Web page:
The SLFP is also morally speaking the junior partner in the government coalition when it comes to constitutional reform. At the last general elections, most of its MPs campaigned on the same ultra nationalist platform as the former president. There was little that was redeeming about their political stance in relation to constitutional reform that could find a meeting point with ethnic and religious minority aspirations for equal protection of the law and justice. The SLFP under the former president had little or no interest in constitutional reform, except to the extent that it would further concentrate power in the hands of the ruling party and its leadership. The 18th amendment to the constitution passed by the Rajapaksa government gave unlimited terms of office to the president and gave him unilateral powers of appointment of all powerful state positions, such as the heads of the judiciary, public service and police.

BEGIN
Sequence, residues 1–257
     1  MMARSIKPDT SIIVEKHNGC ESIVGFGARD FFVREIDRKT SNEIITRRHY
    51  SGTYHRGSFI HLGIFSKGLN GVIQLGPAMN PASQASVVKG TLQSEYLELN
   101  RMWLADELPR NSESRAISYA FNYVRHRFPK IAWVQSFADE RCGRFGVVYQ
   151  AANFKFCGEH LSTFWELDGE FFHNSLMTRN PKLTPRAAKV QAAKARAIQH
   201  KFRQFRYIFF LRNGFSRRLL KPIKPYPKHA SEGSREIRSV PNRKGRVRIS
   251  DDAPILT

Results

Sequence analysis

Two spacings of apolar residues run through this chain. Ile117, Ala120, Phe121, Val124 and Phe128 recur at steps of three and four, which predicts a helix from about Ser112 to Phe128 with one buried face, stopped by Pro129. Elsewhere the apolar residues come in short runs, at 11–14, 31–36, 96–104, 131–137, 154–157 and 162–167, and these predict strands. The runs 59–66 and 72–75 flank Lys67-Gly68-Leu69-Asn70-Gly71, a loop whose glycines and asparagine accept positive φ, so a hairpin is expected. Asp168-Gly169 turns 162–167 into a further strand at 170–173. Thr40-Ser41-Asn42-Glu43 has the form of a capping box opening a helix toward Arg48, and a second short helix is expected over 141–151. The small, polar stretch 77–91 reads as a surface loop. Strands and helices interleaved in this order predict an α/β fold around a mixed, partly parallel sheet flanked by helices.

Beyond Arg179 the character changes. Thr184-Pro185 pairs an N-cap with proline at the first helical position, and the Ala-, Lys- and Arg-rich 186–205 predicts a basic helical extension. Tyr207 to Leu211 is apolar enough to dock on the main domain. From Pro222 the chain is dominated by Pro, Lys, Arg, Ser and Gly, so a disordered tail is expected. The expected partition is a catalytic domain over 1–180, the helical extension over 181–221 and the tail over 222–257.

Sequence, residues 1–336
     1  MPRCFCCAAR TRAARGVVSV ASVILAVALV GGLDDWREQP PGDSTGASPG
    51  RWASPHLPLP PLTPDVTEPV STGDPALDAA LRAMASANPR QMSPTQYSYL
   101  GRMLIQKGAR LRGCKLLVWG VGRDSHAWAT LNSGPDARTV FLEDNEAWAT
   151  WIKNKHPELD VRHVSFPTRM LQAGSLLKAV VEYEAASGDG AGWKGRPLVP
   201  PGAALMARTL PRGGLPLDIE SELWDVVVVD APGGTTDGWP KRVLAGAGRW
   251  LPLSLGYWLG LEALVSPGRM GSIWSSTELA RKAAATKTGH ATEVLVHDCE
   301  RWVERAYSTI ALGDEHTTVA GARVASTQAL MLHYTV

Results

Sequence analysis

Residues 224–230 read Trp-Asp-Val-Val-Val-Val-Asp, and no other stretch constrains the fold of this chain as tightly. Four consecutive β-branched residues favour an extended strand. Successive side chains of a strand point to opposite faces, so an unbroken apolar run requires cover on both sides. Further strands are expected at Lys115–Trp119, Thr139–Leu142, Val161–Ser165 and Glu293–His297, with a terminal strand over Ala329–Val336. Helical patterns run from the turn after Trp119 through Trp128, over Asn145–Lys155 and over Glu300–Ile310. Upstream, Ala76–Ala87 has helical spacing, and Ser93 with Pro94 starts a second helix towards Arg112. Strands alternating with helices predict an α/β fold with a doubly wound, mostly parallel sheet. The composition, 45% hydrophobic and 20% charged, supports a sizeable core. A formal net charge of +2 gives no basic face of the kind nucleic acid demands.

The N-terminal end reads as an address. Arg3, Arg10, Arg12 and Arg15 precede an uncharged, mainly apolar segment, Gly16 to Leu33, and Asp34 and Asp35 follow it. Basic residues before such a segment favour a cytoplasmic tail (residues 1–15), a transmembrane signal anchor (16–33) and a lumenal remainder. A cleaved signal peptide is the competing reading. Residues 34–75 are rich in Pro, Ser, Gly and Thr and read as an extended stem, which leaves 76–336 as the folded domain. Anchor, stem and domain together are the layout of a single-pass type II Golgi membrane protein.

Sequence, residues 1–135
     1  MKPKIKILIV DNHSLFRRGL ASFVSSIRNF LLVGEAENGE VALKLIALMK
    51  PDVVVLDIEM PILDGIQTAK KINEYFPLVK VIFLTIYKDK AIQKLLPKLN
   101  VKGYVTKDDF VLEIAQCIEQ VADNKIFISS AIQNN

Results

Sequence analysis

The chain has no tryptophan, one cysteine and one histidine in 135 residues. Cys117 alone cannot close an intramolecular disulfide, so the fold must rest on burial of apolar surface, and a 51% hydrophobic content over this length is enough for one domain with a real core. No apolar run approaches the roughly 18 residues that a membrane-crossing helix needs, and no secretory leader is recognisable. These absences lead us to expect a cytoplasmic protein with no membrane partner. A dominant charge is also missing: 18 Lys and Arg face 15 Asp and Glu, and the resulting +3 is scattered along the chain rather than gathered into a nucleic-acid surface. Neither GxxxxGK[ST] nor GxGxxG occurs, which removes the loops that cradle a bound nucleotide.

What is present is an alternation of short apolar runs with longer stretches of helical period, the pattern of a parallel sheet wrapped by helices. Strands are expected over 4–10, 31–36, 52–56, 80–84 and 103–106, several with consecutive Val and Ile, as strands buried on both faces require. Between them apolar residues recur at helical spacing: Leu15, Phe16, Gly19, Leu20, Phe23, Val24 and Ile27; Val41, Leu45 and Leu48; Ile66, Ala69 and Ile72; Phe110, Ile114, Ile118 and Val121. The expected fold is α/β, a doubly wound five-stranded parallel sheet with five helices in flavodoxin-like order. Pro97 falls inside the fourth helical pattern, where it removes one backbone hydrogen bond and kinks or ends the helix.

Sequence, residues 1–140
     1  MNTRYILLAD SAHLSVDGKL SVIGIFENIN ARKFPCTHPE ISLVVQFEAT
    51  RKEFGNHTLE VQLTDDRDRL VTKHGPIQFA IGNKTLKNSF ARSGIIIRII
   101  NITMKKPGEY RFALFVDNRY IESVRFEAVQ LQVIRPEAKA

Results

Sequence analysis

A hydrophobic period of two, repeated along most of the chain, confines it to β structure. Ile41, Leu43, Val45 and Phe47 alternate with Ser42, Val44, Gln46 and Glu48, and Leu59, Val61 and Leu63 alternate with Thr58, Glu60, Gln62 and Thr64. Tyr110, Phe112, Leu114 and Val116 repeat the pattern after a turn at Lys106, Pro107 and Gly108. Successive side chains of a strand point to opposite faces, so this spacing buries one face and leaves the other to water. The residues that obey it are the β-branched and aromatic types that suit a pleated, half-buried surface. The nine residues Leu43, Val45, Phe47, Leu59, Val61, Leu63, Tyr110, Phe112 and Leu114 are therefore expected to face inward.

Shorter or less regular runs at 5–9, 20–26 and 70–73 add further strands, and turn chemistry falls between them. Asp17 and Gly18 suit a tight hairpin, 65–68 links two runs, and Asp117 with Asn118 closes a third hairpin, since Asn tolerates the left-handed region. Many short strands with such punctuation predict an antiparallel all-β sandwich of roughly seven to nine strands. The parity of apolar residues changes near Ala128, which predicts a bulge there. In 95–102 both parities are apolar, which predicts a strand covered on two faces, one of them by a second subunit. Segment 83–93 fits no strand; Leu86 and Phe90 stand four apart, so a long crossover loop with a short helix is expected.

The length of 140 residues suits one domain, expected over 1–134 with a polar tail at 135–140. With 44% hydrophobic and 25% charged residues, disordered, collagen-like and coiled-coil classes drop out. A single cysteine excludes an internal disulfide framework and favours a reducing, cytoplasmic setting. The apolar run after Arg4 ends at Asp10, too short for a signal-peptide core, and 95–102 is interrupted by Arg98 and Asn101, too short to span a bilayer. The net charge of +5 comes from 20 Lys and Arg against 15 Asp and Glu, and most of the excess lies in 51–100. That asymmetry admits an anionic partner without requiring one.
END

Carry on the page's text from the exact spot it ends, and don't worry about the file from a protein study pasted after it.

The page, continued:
THE challenge to the government as it contemplates constitutional reform is to obtain the concurrence of its SLFP component. The problem is that the SLFP has been in a state of nationalist regression for over a decade. Even SLFP members who now support president Sirisena and are a part of the coalition government feel uncomfortable to advocate concepts such as devolution of power and minority rights which they saw being politically and ideologically nullified during the period of the previous government. As a result they feel more comfortable to advocate concepts such as national sovereignty, national security and the centralisation of power on the basis of their perception that the ethnic and religious minorities constitute a threat along with the international community. They also do not wish to go before the people at a referendum to obtain the people’s backing for concepts they do not really believe in.